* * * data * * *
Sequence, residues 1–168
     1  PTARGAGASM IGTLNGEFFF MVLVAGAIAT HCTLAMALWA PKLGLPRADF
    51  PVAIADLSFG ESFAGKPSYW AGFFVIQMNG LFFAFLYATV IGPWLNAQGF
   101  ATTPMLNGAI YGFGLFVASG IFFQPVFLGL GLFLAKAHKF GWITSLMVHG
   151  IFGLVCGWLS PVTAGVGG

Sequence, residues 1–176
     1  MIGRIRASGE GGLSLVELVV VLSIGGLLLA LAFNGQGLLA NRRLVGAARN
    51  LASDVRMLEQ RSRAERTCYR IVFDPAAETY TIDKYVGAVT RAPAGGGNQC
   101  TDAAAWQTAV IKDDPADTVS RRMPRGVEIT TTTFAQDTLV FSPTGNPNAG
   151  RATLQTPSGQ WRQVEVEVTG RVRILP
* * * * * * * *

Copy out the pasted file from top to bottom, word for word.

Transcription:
Sequence, residues 1–168
     1  PTARGAGASM IGTLNGEFFF MVLVAGAIAT HCTLAMALWA PKLGLPRADF
    51  PVAIADLSFG ESFAGKPSYW AGFFVIQMNG LFFAFLYATV IGPWLNAQGF
   101  ATTPMLNGAI YGFGLFVASG IFFQPVFLGL GLFLAKAHKF GWITSLMVHG
   151  IFGLVCGWLS PVTAGVGG

Sequence, residues 1–176
     1  MIGRIRASGE GGLSLVELVV VLSIGGLLLA LAFNGQGLLA NRRLVGAARN
    51  LASDVRMLEQ RSRAERTCYR IVFDPAAETY TIDKYVGAVT RAPAGGGNQC
   101  TDAAAWQTAV IKDDPADTVS RRMPRGVEIT TTTFAQDTLV FSPTGNPNAG
   151  RATLQTPSGQ WRQVEVEVTG RVRILP